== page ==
Karen

I agree with most of the comments about Vitamin D and K2 and the need to balance calcium and magnesium.

A good way to increase your magnesium intake is to take a bath and add Epsom Salts to the bath water. It is also good for your skin too, it can clear up minor blemishes and spots.

I'm glad you raised this as i often have back pain on waking but it goes after I've walked about a bit. I've not had as bad back as often since I've been on a higher dose that is appropriate for me.

This thread is really interesting.

I have bad hip pain that I don’t have initially (but had sooo many other symptoms) but as I’ve increased my levo it seems the hip/joint pain has increased too. I put it down to the Vit D so stopped it for a while but it hasn’t helped.

I’m intrigued by the idea that high ft4 might cause it as this fits with my experience.

This fits in with my experience too. See reply below x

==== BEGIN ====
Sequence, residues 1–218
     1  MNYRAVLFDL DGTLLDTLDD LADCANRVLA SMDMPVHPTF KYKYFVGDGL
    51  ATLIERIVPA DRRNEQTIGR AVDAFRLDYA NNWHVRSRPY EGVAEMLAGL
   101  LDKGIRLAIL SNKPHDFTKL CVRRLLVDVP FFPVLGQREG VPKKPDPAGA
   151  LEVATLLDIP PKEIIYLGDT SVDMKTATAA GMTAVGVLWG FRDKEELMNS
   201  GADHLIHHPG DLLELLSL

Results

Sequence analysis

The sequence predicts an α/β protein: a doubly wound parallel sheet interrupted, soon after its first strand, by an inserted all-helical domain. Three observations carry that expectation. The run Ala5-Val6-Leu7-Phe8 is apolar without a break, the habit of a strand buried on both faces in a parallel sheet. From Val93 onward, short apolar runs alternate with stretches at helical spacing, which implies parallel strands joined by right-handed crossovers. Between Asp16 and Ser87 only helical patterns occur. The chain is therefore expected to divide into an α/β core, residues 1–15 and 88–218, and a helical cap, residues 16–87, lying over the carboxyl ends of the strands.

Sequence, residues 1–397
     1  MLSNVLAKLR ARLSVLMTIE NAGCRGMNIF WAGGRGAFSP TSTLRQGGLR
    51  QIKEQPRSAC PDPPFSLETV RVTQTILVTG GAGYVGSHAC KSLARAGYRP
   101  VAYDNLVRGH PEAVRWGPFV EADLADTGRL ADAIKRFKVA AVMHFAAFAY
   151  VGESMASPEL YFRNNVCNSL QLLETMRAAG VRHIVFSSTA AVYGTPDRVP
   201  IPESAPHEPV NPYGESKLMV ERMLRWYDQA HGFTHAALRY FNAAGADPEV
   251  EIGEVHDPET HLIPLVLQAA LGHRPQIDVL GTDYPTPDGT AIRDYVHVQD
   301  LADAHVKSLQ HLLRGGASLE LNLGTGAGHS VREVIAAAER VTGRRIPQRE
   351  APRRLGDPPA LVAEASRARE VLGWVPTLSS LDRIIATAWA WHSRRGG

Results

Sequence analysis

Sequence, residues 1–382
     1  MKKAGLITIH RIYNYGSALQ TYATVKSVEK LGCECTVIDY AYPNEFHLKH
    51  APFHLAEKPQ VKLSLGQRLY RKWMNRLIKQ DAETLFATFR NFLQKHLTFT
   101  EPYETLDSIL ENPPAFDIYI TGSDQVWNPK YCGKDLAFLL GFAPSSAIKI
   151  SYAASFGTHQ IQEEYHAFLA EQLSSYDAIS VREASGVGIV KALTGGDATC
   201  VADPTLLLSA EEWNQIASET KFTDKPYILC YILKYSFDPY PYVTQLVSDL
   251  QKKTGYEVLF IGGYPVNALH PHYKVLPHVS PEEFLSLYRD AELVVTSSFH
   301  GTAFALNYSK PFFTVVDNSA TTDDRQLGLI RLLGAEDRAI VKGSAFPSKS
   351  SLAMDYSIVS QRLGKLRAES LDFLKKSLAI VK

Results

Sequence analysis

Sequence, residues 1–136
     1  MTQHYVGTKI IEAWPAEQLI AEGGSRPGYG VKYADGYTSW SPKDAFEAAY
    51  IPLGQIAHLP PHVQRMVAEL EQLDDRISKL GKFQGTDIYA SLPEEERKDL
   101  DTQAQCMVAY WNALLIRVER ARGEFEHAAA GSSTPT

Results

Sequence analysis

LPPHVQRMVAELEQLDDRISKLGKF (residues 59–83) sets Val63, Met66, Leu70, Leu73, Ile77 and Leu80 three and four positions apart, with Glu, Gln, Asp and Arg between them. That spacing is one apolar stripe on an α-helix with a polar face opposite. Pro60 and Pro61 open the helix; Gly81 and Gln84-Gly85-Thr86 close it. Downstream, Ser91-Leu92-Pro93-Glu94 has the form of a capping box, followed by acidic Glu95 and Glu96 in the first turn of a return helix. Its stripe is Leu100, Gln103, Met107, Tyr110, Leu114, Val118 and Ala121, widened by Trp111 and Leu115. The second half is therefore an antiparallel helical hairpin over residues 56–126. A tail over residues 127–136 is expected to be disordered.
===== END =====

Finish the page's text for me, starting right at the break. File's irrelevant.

I'm suffering hip and back pain at the moment. Have been taking both T4 and T3. Osteopath treatment really didn't help much. I stopped taking my T4 as I suspected this might be the cause of my pain and after about a week, the pain subsided. However, it has gradually come back. I have been off it for about 4 weeks now. I am thinking that maybe my T4 dose was slightly too high. I believe it takes 7 days or more to clear the system, so I am thinking of starting to take it again but at half the original dose. Anyone else had similar?

Rudy1
Rudy1
in reply to Health4now

Be careful when you stop taking your T4 medication. I did that and while my pain subsided, my hair started to fall out. My joint pain has increased since winter so I am trying to raise my vitamin d levels. I would definitely start taking half your dosage so your hair doesn't fall out and you keep your levels somewhat in line. Good luck. It is so frustrating.

Health4now
Health4now
in reply to Rudy1

Thanks. So far hair OK but have noticed my nails have been breaking and not so strong. I have been taking Biotin for a few years now and definitely notice a difference if I don't keep it up. My Vit D levels are good, in fact above normal, have been supplementing for about 8 years after breaking my wrist and finding out I was low. I am now bordering on osteoporosis so take other supplements as well. It's so hard to get these things right x